By the way, Tim Miller and the star of Deadpool, Ryan Reynolds, saw this and are big fans of HDR.
The only thing is that because our distribution [into digital theaters] is not in high dynamic range, you can’t do everything you would want to do in HDR, because you can’t do something at the expense of the theatrical distribution. If there is a key plot point that you need to get across that’s done with lighting or with showing some detail or whatever, you have to make sure that the same element gets across in the theatrical release. Long term I think that is going to change when we have a similar HDR experience in the theater, which we don’t have today.
But bottom line, which cameras they use, how do you light it?, how do you shoot it,? what the look of the film is?, that’s up to the creative team and especially the director. We don’t really influence that. So even when they do the push process to create the high dynamic range version, still, the director rules. Whatever the look they are going to get out of a TV like this, that’s the look we are going to put in the market. We do try to explain to them that there is a big difference between [SDR and HDR displays], and that’s something they should pay attention to, and they typically do. But at the end of the day the last word is with the director.
When you say you are producing a movie in HDR does that automatically imply that they are also 4K?
Basse: For us it is. All of our HDR releases will come in 4K.
So, even if they don’t go out looking to shoot for HDR, they are using a camera that captures all of that information that’s needed to add it in post-production?
Basse: Yes. There are several aspects of this. There is shot composition, so that elements in the background and so forth that need to be in the shot are put there intentionally. That’s a decision they need to plan ahead of time. Then, a lot of these elements come out in the grading process. So what we found since we’ve been doing this is that a lot of the information that we need is in the raw camera file, in the raw negative. We just need to pull it out in the post-production process. So we are very fortunate to have this ability in these new cameras.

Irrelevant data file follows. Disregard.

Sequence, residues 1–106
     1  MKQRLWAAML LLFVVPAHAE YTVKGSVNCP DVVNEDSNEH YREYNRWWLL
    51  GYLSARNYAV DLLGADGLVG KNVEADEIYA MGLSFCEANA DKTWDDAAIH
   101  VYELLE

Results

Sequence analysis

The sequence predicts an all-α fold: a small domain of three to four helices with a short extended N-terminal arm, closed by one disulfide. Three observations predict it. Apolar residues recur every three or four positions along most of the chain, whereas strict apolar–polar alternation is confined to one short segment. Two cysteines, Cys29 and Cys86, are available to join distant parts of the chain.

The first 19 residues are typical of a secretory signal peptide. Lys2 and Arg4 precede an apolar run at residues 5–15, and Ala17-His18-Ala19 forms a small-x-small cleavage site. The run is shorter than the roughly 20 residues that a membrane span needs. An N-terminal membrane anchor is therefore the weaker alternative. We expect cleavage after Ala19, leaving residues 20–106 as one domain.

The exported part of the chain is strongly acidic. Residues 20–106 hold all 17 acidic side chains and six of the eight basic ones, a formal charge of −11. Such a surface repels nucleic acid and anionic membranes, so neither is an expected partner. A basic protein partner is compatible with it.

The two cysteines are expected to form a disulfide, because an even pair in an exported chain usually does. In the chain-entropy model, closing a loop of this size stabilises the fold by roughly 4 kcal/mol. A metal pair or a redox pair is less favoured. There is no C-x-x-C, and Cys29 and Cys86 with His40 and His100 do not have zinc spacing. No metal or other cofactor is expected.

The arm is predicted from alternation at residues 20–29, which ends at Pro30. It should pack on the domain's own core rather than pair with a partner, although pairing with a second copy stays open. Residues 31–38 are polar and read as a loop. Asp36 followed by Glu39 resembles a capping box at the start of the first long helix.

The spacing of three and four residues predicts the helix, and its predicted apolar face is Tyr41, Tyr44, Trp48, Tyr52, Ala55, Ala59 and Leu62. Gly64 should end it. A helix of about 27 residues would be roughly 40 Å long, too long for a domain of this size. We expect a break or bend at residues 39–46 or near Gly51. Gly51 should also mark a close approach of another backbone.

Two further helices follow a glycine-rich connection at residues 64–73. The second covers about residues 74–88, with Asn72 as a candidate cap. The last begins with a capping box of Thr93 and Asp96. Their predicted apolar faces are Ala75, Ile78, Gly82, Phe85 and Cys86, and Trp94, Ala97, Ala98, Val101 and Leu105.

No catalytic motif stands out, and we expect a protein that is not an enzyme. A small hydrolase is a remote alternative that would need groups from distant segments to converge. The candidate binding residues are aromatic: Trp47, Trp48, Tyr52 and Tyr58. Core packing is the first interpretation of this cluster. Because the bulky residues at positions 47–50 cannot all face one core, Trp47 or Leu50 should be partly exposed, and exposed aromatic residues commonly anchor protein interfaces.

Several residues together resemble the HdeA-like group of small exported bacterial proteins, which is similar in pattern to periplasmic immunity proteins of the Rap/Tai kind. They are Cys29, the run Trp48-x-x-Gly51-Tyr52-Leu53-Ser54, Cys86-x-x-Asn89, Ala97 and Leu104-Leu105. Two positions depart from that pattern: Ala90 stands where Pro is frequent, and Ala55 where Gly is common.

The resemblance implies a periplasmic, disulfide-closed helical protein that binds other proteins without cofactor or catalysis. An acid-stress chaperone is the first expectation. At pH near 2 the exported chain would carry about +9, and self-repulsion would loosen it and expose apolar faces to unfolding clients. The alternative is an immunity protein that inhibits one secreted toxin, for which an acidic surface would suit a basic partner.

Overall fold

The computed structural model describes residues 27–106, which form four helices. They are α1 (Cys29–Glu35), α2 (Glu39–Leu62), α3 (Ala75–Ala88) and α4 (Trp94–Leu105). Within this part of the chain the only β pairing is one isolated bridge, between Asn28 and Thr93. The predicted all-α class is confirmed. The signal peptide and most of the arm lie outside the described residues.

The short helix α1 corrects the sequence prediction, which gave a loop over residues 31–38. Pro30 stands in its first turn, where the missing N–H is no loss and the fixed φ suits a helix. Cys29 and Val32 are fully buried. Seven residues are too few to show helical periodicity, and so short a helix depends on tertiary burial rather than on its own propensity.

You say that you have no theatrical releases in HDR, but there are some. Dolby Vision, for example, comes out in theaters all of the time. Does Fox do any of that?
Basse: Yes we do. The Martian for example was done in Dolby Cinema [HDR, Dolby Atmos and other features], and The Revenant also had a Dolby Cinema release. But when you look at the parameters for Dolby Cinema and you look at this [points to an HDR-10 display], there is still quite a bit of difference in terms of peak brightness and a few other things. So, we are working with Dolby and a few other companies to try and figure out how do we get this experience in the theater?
Clearly, Dolby Cinema is a good step in the right direction, but we would like to expand it a little further. We also need a solution that fits in thousands and thousands of movie theaters and we don’t think that Dolby really has plans to do that at this point. It all comes down to the cost of this. It is a very expensive solution.
I’m not saying that we can’t get there from here, but we need something that is scalable and closer to this [Ultra HD Premium parameters]. Because, if there is too much of a difference between what this medium can do and what happens in the theater we will always have to go for the lower denominator in terms of artistic expression. It’s the same thing with high frame rate. Why would we want to do high frame rate, because there are certain shots that you cannot have today in 24 fps, such has fast pans, especially in 3D, impossible at 24 fps. But if a majority of your distribution is in 24 fps, which it is, then you still can’t have those shots.